Last but not least, be vague. Let your words imply terrible and alien machinations at play, let them hint at vast supernatural tableaux of incomprehensible splendor and horror hanging just out of sight waiting to be glimpsed, but don’t ever explicitly tell anybody what’s going on. I put this one last because even though it’s the most important, it’s the most obvious, and I think everybody already knows this about horror. But it’s worth noting that IHS generally dials this up way higher, to the point where it’s hard or impossible to tell what parts are literal or metaphorical. Take this sub-par example:Moving through the ashen ways of eons past, realms of fire and smoke and emptiness rising up and twisting around its path the beast walked on, burning all it perceived.
One on level, it’s possible that we’re talking about a minotaur arsonist who’s taking to the backroads during a forest fire to avoid the cops. On the other, we could be talking about some incomprehensible eldritch abomination warping its way through infernal dimensions outside space and time, ravaging worlds at its passing. Or anything between. I think this is probably the single most salient feature of IHS: its utter vagueness, and lack of proper context to distinguish the metaphorical from the literal.
But anyway. This is a fascinating memetic phenomenon and one I’d love to see some proper research done on this, beyond the idle musings of a lazy linguist with too much on her hands to spend time analyzing hard data.
whose idea was it to end this show
I can never go back, I can’t. I just can’t, I can’t.
Neville as eventual headmaster is very important to me though.
Neville, who thanks to his enduring friendship with Luna sees the vital importance of fostering interhouse relationships, downplays the rivalries between the houses without lessening the importance of intrahouse unity by pushing the Quidditch Cup and House Cup as more friendly competition than all-consuming-must-be-won-enimity and introducing other means of emphasising house pride for those students who are not athletically or academically talented to the point where they feel as though they’re making an important contribution to their house.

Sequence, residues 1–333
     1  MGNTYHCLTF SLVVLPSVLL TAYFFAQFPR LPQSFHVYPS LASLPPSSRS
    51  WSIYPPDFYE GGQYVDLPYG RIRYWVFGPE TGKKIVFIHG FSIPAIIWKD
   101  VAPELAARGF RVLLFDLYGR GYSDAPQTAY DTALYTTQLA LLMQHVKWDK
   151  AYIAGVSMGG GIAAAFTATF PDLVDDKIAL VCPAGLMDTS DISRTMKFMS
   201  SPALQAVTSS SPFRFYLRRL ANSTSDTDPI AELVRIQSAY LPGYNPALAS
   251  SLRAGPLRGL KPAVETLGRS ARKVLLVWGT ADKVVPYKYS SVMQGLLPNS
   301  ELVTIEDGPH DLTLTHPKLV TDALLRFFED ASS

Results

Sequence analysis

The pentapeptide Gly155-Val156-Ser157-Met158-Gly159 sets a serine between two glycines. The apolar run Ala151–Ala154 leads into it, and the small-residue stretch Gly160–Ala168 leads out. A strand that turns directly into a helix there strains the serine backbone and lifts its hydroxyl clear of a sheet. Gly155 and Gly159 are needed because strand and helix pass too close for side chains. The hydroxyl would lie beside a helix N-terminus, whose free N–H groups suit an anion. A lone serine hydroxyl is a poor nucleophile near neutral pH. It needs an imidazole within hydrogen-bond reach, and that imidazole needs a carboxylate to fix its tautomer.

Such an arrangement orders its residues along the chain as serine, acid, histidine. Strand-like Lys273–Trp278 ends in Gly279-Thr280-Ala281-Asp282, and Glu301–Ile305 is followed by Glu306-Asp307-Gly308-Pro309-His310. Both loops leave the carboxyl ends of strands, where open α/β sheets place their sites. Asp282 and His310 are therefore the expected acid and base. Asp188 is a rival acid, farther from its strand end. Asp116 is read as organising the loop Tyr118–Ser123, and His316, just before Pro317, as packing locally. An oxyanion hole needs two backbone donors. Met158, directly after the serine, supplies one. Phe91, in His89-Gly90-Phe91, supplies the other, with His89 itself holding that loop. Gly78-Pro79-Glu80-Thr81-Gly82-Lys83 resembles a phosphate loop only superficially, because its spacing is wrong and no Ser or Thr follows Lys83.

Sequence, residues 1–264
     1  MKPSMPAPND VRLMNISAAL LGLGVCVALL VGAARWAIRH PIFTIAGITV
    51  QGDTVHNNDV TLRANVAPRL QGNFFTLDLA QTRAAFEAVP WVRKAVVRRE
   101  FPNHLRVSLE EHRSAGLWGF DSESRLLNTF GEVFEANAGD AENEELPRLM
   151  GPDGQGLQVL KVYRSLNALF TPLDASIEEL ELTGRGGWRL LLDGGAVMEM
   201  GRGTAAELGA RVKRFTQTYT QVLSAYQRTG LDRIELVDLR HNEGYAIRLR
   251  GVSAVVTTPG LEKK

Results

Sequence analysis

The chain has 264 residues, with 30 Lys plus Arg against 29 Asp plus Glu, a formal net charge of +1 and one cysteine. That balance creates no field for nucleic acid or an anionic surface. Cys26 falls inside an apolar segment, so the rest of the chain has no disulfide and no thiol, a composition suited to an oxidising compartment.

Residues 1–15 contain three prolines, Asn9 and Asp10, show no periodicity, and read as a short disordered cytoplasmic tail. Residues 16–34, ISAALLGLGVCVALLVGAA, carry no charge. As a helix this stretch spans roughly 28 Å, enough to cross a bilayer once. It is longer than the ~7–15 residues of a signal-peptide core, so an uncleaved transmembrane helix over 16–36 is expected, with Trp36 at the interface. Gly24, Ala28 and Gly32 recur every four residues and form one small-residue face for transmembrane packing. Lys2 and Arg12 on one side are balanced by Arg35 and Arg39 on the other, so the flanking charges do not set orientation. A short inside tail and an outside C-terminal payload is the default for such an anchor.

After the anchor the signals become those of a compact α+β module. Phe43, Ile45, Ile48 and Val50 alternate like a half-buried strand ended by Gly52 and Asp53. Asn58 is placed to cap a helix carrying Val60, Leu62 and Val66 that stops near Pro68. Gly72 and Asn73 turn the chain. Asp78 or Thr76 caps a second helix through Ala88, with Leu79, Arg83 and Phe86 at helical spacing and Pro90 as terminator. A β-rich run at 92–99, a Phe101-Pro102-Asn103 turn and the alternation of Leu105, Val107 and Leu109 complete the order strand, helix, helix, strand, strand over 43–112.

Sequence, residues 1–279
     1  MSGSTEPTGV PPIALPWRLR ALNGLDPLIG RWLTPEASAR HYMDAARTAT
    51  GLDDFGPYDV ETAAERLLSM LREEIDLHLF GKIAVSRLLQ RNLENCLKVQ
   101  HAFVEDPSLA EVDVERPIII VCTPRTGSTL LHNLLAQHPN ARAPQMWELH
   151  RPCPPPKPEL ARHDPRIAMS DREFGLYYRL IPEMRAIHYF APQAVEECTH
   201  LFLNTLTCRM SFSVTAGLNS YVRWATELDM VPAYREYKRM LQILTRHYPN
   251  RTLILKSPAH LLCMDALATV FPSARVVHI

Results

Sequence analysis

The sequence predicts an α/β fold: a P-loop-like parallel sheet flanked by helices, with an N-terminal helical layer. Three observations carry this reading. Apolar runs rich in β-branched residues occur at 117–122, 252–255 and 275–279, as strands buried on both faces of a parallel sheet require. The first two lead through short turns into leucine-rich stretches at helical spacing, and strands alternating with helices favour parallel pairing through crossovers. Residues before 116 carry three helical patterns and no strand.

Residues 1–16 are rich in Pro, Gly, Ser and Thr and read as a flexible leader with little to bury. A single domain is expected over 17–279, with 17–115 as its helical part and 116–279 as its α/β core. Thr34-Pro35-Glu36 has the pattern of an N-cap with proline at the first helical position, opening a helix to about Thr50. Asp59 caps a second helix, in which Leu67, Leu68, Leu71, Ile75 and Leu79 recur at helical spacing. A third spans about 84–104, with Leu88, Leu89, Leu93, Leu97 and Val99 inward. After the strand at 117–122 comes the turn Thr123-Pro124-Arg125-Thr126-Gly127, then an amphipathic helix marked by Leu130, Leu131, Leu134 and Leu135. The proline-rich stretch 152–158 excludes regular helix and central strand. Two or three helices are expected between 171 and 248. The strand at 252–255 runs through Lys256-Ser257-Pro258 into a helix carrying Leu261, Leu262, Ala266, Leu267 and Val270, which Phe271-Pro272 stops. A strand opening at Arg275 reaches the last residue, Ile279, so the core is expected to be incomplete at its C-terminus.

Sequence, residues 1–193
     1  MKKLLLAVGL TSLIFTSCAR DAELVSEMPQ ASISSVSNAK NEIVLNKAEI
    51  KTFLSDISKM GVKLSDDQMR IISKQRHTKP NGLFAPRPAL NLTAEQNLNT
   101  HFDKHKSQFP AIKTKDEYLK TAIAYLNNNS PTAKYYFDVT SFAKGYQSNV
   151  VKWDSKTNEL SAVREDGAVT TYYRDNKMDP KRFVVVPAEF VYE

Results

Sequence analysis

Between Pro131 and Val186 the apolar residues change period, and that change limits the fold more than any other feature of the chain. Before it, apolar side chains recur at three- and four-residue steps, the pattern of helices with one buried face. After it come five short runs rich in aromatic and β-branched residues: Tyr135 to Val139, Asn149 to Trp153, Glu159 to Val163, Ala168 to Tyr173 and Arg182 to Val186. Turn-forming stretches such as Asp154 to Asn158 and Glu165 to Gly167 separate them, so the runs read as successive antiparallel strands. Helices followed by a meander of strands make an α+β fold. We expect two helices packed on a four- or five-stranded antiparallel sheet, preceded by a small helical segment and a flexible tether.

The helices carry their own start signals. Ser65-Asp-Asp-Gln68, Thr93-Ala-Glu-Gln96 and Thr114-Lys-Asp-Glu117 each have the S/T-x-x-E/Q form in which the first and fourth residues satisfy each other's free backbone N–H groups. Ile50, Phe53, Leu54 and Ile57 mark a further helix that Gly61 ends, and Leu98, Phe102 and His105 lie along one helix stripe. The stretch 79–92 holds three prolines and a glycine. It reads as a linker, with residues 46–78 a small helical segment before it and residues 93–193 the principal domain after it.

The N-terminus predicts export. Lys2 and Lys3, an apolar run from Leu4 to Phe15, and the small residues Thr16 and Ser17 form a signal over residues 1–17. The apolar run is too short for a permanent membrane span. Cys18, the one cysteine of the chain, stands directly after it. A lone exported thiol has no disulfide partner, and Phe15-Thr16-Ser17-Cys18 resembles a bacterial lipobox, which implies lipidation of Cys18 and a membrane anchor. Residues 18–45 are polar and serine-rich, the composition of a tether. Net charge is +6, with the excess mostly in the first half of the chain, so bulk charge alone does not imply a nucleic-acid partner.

Neville, who has so much goodness and kindness in him, having a zero tolerance policy for bullying, by staff or students, and serious punishments set down in official school policy for anyone caught bullying or intimidating a student for any reason.
Neville, who saw first hand just how vital it is, throwing the Ministry-approved DADA curriculum out the window and working with the DADA teacher to build a useful curriculum based on his two most useful years of DADA classes, those being third, under Lupin, and fifth, under Harry.
Neville, who understands how hard it is not to be One Of Those Kids, ruthlessly digging out any elitest groups like the Slug Club and disbanding them.
Neville, who understands that sometimes the teachers don’t choose as wisely as they ought, introducing a democratic system for prefect and Head Boy/Girl selection.
Neville, who knows what it is to be the bottom of the class, making a point of introducing a voluntary tutoring system for students who are in the same position he once found himself in - and making certain that it’s well known that had such a system been in place when he was at Hogwarts, he would certainly have availed of it.
Neville, who is a hero and a marvel and wonderful, brave man, fostering that same bravery and goodness in every one of his students, fighting to help them become the absolute best people they can be regardless of academic talent or world-saving ability.
Neville, who is everything that Albus Dumbledore was not, setting to rights so much of the wrong Dumbledore allowed and sometimes encouraged in Hogwarts.
I keep thinking about this post.
Neville taking students who need a safe space for a walk on the third floor to show them how to get into the room of requirement should they ever need.
Neville appointing a muggle-born teacher to Muggle studies and making it a required class to graduate.
Neville overseeing the installation of wheelchair ramps and lifts throughout the castle, as well as hiring house elf aids to provide signing for any classes with deaf students in them.
Neville making sure that no student, no matter the crime, is ever punished by being sent into the forbidden forest.
Neville having a stern one on one with the sorting hat about its sorting methods and encouraging it to loosen its sorting criteria a bit.
I love this headcanon and I want you to know that there is actually critical theory behind these posts, notably Michael Ashley Stein and Penelope J.S. Stein’s article “Beyond Disability Civil Rights,” published by the Cornell University ILR School in 2007
Fandom stuff like this actually reflects and converses with ivory-tower academic theory and I fucking LOVE that because it’s such an accessible way for people to learn about social rights and activism